Wednesday, 3 April 2013

A Tale of Three Clinical Vignettes

Clinical Vignette A:
As you can see in the picture to your left, we process our X-rays creatively using what natural resources that are available to us. In this case, it was a skull X-ray of a 19-year-old boy who was thrown off his motorcycle when it hit a dead cow in the road on Saturday. Upon presentation two days later, his GCS was 7 (E1V1M5), he had had minimal to nil oral intake, was non verbal and was obviously not doing too well. Bearing in mind that there is no neurosurgical service - or for that matter, a CT scanner - in the entire country and the nearest centre was in Kampala (Uganda), almost a day's drive away over dirt roads, we admitted him, commenced IV fluids, dressed his wounds and, basically, hoped for the best. Did I mention he's also got a fixed, dilated left pupil? At this stage, we've encouraged his family to find out if he could be transferred to Kampala so we're all waiting for his older brother who is currently in some far-away location to be contacted to make a decision.

Clinical Vignette B:
Last night was my first experience of a Caesarean section in South Sudan. It was a primip who we suspect had cephalopelvic disproportion and had been pushing for over two (or maybe it was three) hours. When I piped up and asked my senior colleague (a GP obstetrician from the States) if he was going to do the spinal, he asked if I was good at it; I answered that I could hardly say so and he replied, I might still be better than him anyway (!). Then, our missionary nurse from New Zealand informs me that we're down to our last vial of bupivacaine. Ok....pressure's on! Thanks be to God, my first spinal after a year away from anaesthetics was a success and the entire operation went smoothly. It's the first C-section I've seen where the surgeon prays with the staff and patient beforehand too :)

Clinical Vignette C:
In contrast, less than 24 hours later was also my first experience in this country of witnessing a patient's demise. It was a middle-aged man who was brought in by his family with acute respiratory distress associated with new-onset productive coughs and a possible one-month history of central chest pain and orthopnoea. Upon presentation, he had a RR of 40, HR of 160 and SpO2 in the 40s! Worse still, he was barely responsive and could not speak at all. We got the oxygen concentrator working pronto, but the sad fact is we can only get a maximal concentration of 5L (the usual maximal concentration on the wards back in Australia is 15L and we can double that by adding 'tusks' to non-rebreather masks or failing that, achieve almost 100% with a bag-mask-valve device). Our working diagnoses at this point were either severe pneumonia and/or acute pulmonary oedema secondary to cardiac failure. Hence, the choice to get a CXR asap and give IV ceftriaxone (an antibiotic) and po frusemide (a diuretic - we didn't have the intravenous form).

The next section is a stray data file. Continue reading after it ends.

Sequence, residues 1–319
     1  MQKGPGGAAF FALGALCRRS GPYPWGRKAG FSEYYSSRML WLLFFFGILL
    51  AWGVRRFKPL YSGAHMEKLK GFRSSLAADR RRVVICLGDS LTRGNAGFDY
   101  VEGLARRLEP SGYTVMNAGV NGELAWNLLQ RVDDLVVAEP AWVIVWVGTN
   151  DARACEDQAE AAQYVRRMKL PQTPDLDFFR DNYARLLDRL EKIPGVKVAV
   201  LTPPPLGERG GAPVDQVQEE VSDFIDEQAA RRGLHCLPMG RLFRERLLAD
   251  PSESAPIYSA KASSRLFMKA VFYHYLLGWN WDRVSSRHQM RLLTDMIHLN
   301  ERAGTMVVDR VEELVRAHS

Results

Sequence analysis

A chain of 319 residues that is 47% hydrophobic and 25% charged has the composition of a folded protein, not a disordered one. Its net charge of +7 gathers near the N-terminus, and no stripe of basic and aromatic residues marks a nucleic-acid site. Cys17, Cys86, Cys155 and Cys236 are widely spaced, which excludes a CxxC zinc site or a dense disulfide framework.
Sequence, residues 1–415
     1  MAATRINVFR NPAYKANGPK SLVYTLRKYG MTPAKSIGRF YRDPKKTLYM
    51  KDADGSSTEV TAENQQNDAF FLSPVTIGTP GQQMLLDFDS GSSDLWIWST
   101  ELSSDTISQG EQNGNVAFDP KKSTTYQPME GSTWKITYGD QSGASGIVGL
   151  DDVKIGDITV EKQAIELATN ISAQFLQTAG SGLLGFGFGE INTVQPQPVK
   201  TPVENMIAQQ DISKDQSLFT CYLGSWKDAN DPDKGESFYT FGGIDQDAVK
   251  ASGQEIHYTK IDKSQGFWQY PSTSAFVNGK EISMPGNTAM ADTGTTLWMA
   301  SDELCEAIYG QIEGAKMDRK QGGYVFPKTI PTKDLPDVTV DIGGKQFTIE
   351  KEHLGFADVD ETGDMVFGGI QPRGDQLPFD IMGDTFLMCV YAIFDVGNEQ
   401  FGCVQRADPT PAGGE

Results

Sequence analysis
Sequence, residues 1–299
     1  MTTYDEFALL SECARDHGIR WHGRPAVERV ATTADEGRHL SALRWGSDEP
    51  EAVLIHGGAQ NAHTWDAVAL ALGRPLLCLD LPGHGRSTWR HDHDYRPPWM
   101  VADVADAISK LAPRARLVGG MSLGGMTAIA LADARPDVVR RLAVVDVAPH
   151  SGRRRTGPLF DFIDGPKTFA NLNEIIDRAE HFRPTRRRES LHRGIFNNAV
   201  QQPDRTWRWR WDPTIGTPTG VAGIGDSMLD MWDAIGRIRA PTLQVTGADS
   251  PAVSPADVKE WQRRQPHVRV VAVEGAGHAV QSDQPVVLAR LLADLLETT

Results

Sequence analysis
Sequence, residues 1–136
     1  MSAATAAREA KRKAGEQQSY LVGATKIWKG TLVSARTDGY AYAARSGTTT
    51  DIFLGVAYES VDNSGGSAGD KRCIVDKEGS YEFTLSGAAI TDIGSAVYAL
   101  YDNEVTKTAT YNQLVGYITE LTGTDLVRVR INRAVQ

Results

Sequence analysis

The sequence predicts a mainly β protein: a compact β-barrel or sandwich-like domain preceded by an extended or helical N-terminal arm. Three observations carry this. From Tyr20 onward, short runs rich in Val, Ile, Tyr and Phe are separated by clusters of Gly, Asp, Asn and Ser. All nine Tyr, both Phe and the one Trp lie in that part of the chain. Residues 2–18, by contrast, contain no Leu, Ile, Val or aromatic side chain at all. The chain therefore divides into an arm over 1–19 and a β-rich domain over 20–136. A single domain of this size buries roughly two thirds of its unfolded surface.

Well, 'things don't happen like they do back home' may be the understatement of the day (or year). A man was brought in at the same time suffering from a snakebite and all of my nurses and medical attendants went off to look after him in a different room and I was left scratching my head. Back in Australia, this man would have had a MET called on him, possibly even a Code Blue, and likely taken to ICU, intubated and ventilated. Here, I could not even get anyone to get meds for him for another 10-15 minutes! So frustrating. Anyway, he went into respiratory arrest right before my eyes and then died, just like that. To have resuscitated him at that point would have been an exercise in futility as there isn't an ICU to which we could transport him even if we achieved ROSC (return of spontaneous circulation).

Comparing that with the many sessions that all clinical staff back home are required to attend on recognising a deteriorating patient, I think there's definite room for improvement on this point. That's another difference between our cultures as well, I guess. The family of the deceased patient was totally understanding; one of the other men even threw up his hands and said, "it is God's will". Death is so common here and life so short. What we strive to do - or should - is to ensure that at the same time, life isn't cheap. Remember what God Himself said in Ezekiel 18:32 - "'For I have no pleasure in the death of one who dies,' says the Lord God. 'Therefore turn and live!'"

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